Getting back to the crabs, though, what the Japanese researchers did was to take the whole billiards concept to the next level, substituting balls for swarms of crustaceans which they claimed could “implement logical gates when placed in a geometrically constrained environment.”
Not just any kind of crab fits the experimental bill, however, with researchers opting for soldier crabs who swarm in packs, with the aggressive leaders forming a strong outline for the group, while the crabs in the middle hustle along in a kind of collective crush.
Researchers found that by putting a swarm of soldier crabs into a corridor, they would march along the wall in a similar way to the path of the billiard ball. Even better, because the crabs are biological organisms and respond deterministically to certain external stimuli, they could be easily controlled by the scientists, who experimented by casting shadows over the swarm from above, to simulate crab-eating birds. In the interest of self-preservation, the crabs instinctively moved away from those shadows.
Also, as various groups of soldier crabs bumped into each other, researchers noted that they seemed to merge before continuing on in the direction that was the sum of their respective velocities.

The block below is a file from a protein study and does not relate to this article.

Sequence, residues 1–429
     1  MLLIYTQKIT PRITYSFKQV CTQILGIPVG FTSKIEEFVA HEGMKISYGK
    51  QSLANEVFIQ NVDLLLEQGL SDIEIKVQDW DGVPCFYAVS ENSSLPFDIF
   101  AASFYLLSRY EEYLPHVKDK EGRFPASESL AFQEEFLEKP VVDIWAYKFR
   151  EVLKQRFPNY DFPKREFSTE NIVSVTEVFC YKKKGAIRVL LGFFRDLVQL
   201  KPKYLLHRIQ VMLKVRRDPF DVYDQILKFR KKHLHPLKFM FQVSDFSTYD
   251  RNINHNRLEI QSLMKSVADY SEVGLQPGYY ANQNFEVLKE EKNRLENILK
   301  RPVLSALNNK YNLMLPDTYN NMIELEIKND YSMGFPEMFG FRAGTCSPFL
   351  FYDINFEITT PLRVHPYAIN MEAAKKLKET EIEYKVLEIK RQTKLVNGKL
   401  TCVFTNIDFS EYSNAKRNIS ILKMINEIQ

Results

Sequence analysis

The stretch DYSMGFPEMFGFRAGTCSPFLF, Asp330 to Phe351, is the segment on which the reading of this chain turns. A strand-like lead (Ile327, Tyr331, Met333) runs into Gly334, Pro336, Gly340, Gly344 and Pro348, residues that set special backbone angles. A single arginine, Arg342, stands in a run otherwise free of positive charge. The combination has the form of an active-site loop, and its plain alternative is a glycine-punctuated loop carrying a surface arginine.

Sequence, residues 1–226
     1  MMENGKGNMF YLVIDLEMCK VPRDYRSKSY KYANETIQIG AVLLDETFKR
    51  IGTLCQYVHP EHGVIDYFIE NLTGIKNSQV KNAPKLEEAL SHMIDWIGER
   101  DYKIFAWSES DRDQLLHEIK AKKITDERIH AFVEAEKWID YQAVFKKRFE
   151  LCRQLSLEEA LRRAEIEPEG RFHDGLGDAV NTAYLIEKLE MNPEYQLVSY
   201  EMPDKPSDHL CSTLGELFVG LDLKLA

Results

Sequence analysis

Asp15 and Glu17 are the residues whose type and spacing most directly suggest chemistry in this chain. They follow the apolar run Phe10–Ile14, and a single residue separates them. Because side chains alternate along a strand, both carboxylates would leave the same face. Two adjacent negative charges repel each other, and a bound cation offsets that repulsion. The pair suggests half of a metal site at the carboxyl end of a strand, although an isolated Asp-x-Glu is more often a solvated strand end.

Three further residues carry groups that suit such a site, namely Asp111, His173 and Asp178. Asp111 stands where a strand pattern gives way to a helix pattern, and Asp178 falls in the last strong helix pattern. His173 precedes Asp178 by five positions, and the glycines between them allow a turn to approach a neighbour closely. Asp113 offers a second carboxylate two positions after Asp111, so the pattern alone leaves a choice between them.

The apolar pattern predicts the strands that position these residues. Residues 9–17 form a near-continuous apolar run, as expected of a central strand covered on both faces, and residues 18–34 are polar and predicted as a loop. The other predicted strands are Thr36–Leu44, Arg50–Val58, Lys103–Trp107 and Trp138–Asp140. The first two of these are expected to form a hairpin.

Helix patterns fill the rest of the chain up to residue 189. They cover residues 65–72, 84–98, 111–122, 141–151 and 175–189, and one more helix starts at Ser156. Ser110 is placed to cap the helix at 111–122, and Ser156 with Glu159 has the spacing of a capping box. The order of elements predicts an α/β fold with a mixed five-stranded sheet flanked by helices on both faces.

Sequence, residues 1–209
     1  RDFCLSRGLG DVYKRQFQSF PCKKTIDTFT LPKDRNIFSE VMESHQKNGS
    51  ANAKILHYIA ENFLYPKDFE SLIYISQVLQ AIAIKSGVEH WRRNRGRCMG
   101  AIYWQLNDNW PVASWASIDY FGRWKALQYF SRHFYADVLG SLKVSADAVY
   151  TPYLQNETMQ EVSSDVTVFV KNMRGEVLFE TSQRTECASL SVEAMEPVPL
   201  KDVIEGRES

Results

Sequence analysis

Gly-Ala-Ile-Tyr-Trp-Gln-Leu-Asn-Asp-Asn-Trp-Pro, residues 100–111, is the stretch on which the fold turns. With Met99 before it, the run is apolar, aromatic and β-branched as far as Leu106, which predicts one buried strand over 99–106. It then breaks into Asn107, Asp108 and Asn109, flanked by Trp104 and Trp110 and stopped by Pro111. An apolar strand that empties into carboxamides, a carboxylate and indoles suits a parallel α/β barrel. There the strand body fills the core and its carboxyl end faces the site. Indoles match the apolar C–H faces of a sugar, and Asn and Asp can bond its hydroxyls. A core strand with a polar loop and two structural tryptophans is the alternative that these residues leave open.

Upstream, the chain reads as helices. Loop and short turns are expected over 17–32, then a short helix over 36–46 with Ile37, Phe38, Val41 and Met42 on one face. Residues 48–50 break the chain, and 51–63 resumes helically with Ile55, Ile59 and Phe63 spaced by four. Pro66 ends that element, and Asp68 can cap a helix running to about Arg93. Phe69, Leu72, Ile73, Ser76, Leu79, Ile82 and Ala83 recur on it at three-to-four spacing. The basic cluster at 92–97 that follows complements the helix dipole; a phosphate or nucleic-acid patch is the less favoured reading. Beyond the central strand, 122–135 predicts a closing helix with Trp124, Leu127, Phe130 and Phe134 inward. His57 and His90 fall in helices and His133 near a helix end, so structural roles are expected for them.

This is cool because it used the natural tendencies of crabs to run together as a group, or split apart from the group, as a kind of logical gate.
Since a logical gate is one of the fundamental parts of an electronic circuit, what the researchers actually managed to prove is that whatever can be done in an electronic circuit is also possible with large numbers of crabs. Which is kind of neat, if you think about it. Not a crabby idea at all.
Of course, it’s not the first instance of biology meeting computing. There’s "ant hill optimization," the mathematical trick to optimize algorithms, but simulating a whole computer out of little creatures really still puts the icing on the crab cake in my personal opinion.
And who knows, maybe it’s a real step towards a future biological-based real, working computer.
Imagine it: a computer whose computational units are based on living matter, or organic molecules. No electricity required, just some food substrate.
Maybe it's a step toward a biological-based computer.
If scientists found a way to actually make that happen, it might even come to embody the old Douglas Adams notion of the the entire earth being a huge computer, designed by an alien race to calculate the answer to life, the universe, and everything.
Although, we already know that the answer to that is 42.